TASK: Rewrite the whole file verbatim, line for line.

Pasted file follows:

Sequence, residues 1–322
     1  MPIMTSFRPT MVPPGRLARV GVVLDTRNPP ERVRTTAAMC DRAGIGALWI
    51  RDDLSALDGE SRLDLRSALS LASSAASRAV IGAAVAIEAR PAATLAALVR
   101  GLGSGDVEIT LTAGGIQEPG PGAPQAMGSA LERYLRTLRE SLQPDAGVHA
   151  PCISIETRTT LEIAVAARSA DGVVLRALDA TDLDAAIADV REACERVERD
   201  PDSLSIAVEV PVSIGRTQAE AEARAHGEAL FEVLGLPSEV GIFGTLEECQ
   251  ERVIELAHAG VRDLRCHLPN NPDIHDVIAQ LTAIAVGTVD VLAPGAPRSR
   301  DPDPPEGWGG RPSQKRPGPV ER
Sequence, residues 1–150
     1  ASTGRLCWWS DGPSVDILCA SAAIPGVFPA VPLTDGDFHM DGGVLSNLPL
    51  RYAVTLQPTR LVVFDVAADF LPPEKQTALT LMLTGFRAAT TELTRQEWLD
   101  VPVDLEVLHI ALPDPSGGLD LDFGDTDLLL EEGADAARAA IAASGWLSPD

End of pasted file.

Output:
Sequence, residues 1–322
     1  MPIMTSFRPT MVPPGRLARV GVVLDTRNPP ERVRTTAAMC DRAGIGALWI
    51  RDDLSALDGE SRLDLRSALS LASSAASRAV IGAAVAIEAR PAATLAALVR
   101  GLGSGDVEIT LTAGGIQEPG PGAPQAMGSA LERYLRTLRE SLQPDAGVHA
   151  PCISIETRTT LEIAVAARSA DGVVLRALDA TDLDAAIADV REACERVERD
   201  PDSLSIAVEV PVSIGRTQAE AEARAHGEAL FEVLGLPSEV GIFGTLEECQ
   251  ERVIELAHAG VRDLRCHLPN NPDIHDVIAQ LTAIAVGTVD VLAPGAPRSR
   301  DPDPPEGWGG RPSQKRPGPV ER
Sequence, residues 1–150
     1  ASTGRLCWWS DGPSVDILCA SAAIPGVFPA VPLTDGDFHM DGGVLSNLPL
    51  RYAVTLQPTR LVVFDVAADF LPPEKQTALT LMLTGFRAAT TELTRQEWLD
   101  VPVDLEVLHI ALPDPSGGLD LDFGDTDLLL EEGADAARAA IAASGWLSPD